The "right to be forgotten" ruling in Europe heralds what will be an ongoing effort by government to rein in Google's power over us, and thus its ability to monetize what it knows about us.
The question for investors is whether that also means Google shares hit a long-term peak, in late February, of a postsplit $609.
For its part Google, like a politician caught in scandal, is doing all it can to change the subject.
It's buying Twitch, a video play-through site, for $1 billion. It's buying Divide, which separates corporate and personal information. It's making nice with Apple (AAPL) over patents. Google Fiber keeps moving forward to the approving nods of U.S. regulators.
But will all this outweigh Europe's efforts to put an unscaleable wall of people against it? That's what the European Court of Justice ruling represents.
The "right to be forgotten" is East Coast Law, in Lawrence Lessig's phrase, that can't be encoded by West Coast Law. It's a bureaucratic jumble that can't be turned into a set of computer algorithms. It is, quite deliberately, a human process placed in front of the Google machine with the aim of reducing its utility.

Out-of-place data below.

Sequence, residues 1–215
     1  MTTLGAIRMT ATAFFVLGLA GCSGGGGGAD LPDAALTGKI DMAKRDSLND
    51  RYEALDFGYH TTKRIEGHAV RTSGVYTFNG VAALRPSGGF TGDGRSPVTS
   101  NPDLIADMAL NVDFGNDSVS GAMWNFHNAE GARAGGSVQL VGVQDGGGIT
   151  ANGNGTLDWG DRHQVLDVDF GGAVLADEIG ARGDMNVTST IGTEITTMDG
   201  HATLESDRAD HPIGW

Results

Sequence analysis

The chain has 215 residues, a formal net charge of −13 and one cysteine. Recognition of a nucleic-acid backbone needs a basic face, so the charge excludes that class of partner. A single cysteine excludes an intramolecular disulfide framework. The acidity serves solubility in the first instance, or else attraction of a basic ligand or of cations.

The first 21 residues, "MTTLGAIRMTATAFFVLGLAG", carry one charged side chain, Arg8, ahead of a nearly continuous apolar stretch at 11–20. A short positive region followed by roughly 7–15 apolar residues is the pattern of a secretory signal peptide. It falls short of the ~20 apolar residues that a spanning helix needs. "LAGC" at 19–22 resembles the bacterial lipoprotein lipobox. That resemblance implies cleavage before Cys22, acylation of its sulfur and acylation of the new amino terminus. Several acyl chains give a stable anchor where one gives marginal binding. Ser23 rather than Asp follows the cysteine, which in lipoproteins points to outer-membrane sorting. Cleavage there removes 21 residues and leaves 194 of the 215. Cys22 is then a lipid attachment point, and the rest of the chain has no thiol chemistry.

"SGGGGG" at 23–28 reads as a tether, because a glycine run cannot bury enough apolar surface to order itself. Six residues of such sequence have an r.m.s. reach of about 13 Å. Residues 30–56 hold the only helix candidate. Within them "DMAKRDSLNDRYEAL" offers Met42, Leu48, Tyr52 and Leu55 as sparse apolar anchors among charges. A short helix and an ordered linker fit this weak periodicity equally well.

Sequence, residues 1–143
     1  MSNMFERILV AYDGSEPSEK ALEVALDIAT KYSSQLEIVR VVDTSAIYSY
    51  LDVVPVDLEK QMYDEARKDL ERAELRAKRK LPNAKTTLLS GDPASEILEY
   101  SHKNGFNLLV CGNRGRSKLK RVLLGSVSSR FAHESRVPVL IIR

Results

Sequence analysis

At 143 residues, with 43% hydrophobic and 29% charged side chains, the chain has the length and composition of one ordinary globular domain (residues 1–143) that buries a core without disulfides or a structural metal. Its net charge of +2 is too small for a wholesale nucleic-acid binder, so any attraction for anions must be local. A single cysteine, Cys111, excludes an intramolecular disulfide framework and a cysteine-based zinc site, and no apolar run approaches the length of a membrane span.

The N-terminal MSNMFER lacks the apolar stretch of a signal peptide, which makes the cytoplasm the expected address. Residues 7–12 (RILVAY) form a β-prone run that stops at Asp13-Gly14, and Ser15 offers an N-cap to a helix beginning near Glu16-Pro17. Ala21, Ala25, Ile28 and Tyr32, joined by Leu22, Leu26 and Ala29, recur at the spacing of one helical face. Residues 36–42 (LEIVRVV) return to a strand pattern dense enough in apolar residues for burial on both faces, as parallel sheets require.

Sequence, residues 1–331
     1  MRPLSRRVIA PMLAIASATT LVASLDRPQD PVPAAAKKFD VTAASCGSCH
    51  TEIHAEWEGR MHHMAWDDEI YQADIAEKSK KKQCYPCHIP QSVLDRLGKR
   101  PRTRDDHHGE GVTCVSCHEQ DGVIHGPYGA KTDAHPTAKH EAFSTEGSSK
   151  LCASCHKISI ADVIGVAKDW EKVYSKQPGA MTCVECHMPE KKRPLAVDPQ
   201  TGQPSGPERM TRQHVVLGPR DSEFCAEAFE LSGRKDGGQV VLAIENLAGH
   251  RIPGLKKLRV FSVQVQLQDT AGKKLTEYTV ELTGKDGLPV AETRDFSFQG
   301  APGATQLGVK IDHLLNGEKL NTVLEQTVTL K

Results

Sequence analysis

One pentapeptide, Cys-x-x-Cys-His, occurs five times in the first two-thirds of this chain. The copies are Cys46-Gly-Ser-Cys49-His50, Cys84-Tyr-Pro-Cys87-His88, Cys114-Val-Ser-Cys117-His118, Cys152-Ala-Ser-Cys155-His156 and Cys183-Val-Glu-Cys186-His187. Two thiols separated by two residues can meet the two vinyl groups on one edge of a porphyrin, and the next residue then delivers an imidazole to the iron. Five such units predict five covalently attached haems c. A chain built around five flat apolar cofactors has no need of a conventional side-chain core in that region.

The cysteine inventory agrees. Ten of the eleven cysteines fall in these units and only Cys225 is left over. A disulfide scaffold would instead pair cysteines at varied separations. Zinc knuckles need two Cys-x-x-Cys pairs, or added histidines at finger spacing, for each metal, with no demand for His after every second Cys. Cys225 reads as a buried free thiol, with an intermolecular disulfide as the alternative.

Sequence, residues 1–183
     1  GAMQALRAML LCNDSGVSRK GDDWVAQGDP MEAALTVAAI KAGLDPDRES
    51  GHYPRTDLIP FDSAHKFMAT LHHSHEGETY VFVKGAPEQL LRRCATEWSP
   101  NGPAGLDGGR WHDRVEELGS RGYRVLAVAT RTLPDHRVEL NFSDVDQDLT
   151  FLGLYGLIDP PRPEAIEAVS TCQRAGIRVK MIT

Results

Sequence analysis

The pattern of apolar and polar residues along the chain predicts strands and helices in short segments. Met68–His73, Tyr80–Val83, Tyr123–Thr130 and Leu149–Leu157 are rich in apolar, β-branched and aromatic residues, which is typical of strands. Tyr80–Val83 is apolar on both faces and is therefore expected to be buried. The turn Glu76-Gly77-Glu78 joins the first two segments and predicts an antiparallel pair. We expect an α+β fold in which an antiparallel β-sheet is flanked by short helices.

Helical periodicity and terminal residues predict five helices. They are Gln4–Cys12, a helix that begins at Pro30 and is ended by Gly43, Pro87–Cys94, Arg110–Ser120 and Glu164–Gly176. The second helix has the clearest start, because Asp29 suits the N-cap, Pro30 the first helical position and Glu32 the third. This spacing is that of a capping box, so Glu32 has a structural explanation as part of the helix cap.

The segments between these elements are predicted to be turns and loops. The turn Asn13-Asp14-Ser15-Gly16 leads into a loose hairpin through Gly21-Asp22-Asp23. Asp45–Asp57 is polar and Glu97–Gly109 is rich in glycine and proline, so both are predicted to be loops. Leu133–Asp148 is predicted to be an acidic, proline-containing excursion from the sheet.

Many observers, like Michael Wolff, think Google will simply ignore this ruling when it comes to the U.S.-based search engine, that this will only be an issue in its European-based operations.
I question that. I don't think plaintiffs just want their links removed in Google.ES or Google.DE. I think the European court believes this can be enforced against Google.com as well, along with Bing.com, Yahoo! (YHOO), Yandex (YNDX) and even Baidu (BIDU).
If this decision is limited to Europe, it will gradually make Europe a search engine backwater. But if it can be extended to the U.S., it could work just like the U.S. antitrust case did against Microsoft (MSFT).